During the era of Prohibition in the United States, Federal Agent Eliot Ness sets out to stop ruthless Chicago gangster Al Capone and, because of rampant corruption, assembles a small, hand-picked team to help him.
Brian De Palma
Robert De Niro
In the midst of trying to legitimize his business dealings in New York City and Italy in 1979, aging Mafia Don Michael Corleone seeks to avow for his sins, while taking his nephew Vincent Mancini under his wing.
Based upon a real-life story that happened in the early seventies in which the Chase Manhattan Bank in Gravesend, Brooklyn, was held siege by a bank robber determined to steal enough money for his wife (a trans woman) to undergo a sex change operation. On a hot summer afternoon, the First Savings Bank of Brooklyn is held up by Sonny and Sal, two down-and-out characters. Although the bank manager and female tellers agree not to interfere with the robbery, Sonny finds that there's actually nothing much to steal, as most of the cash has been picked up for the day. Sonny then gets an unexpected phone call from Police Captain Moretti, who tells him the place is surrounded by the city's entire police force. Having few options under the circumstances, Sonny nervously bargains with Moretti, demanding safe escort to the airport and a plane out of the country in return for the bank employees' safety.Written by
Most of the movie takes place in three locations: inside the bank, on the street outside the bank, and in the barbershop across from the bank. Standard procedure would be to shoot the street scenes on location, and then film the bank and barbershop interiors on sets constructed at a studio (where it's much easier to control lighting, sound, etc.). But Sidney Lumet wanted realistic continuity. He wanted us to see, for example, that when a character enters the bank from the street, he's really doing so -- not walking through a location door and then entering a fake set miles away. So Lumet found a block of a Brooklyn street that suited his purposes, including a vacant warehouse that could be turned into a bank. See more »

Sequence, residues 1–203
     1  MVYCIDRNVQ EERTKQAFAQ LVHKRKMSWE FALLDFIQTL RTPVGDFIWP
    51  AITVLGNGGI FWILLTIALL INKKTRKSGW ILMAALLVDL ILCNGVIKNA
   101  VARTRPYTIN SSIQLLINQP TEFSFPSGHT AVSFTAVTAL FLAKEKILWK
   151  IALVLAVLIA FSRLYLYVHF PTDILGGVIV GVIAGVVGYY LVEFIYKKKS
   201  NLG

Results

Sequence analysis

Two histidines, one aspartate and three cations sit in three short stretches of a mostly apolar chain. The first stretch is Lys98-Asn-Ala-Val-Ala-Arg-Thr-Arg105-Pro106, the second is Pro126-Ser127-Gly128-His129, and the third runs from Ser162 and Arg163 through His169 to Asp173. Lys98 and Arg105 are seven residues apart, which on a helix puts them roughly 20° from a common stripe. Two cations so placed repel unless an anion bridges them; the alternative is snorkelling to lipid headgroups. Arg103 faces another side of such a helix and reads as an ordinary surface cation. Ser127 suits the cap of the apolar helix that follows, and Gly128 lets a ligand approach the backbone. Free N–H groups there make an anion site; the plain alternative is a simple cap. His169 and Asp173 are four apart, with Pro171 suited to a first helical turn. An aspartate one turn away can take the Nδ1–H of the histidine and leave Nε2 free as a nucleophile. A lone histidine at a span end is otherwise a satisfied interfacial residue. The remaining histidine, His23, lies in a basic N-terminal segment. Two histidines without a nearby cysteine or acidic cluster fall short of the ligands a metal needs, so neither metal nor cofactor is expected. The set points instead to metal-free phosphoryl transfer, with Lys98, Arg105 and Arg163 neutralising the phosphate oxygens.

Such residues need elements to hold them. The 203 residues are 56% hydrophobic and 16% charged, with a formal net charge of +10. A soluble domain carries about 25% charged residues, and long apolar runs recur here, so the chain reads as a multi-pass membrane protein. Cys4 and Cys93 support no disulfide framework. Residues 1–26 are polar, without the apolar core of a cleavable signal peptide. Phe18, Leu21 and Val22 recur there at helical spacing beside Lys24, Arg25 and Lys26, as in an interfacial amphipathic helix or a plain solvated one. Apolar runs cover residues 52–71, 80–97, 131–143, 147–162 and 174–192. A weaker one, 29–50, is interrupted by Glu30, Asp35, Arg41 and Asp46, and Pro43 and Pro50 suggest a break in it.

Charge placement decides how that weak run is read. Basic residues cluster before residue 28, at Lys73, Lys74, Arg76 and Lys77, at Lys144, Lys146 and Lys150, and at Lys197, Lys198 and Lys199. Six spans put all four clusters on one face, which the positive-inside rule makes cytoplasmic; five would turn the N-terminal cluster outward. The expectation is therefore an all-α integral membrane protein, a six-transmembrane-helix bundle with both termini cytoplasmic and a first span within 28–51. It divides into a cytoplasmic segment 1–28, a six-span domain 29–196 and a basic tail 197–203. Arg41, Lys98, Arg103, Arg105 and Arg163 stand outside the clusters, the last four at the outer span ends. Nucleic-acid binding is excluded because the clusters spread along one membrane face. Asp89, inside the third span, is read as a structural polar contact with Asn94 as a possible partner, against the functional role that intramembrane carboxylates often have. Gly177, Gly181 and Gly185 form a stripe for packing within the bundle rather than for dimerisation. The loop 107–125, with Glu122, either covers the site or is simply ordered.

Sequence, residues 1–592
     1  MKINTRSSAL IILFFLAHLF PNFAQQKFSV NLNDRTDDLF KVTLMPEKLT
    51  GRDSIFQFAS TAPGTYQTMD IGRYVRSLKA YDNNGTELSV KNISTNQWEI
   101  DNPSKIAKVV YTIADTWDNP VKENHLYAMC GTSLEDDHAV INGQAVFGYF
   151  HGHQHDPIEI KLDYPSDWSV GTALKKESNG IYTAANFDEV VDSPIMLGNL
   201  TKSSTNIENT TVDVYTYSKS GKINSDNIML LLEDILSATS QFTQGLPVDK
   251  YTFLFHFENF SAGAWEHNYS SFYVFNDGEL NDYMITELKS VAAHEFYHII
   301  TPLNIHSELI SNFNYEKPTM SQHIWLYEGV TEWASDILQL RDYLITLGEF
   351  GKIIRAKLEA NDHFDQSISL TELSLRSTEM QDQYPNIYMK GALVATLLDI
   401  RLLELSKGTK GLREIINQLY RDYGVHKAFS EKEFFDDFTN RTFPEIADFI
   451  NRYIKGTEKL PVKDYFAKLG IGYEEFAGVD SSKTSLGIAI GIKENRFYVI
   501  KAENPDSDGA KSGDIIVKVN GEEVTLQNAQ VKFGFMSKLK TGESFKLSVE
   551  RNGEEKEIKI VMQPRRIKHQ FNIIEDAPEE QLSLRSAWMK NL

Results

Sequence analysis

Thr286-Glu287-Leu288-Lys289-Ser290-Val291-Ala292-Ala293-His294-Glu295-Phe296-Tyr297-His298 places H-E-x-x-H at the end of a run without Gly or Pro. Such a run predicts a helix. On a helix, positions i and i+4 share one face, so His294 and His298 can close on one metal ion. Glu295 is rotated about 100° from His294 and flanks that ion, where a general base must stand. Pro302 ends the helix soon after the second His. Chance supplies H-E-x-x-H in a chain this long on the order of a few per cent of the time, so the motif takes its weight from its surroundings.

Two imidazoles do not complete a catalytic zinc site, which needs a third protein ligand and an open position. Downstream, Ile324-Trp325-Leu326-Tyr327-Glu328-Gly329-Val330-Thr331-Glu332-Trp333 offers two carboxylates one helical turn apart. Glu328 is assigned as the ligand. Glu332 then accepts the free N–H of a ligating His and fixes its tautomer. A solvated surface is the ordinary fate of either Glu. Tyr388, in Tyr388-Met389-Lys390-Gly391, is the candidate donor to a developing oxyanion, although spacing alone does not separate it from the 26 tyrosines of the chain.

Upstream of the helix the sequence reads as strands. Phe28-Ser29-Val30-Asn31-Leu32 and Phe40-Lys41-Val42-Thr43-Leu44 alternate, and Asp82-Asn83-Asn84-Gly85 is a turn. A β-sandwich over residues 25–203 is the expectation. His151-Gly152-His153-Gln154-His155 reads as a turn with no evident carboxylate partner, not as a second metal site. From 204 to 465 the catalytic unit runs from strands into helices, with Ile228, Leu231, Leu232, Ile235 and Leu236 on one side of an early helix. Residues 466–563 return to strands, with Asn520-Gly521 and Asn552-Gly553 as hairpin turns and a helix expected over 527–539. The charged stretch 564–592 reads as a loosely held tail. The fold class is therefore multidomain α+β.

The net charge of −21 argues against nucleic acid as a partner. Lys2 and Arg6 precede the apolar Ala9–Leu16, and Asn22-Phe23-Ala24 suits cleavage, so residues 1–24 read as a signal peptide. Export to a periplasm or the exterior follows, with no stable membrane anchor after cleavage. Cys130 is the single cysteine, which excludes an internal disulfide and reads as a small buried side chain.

When Sonny is having the tellers empty the money from the cash drawers, one of the teller's name signs says "Maria Sandora." When the telephone rings and the scene cuts to the manager and back to the tellers, the sign has disappeared. After the camera cuts to a different view of Sonny and the tellers walking to the next window, the sign is no longer where it was but is now located at this next teller window. After this, as the camera angles cut back and forth, the scene was obviously filmed at different times because the items on top of the counter are in different order and do not always appear in all shots. See more »
He might've done it. His body functions might've done it. But, he, himself, he didn't do it.
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Al Pacino is the only actor credited at the start of the film. The rest of the cast is not credited until the ending. See more »
Recent DVD release replaces the old Warner Bros. logo at the beginning with the newer WB/AOL logo. See more »
One of the greatest films I have ever seen! Al Pacino is a legendary actor! The best heist film ever made, I am ashamed I didn't see Dog Day Afternoon sooner. The acting blows me away, I'm glad it still holds up nowadays and is still recommended that's perfection done right. Damn near everything is impeccable and exciting - Sidney Lumet created such a blast of delight!
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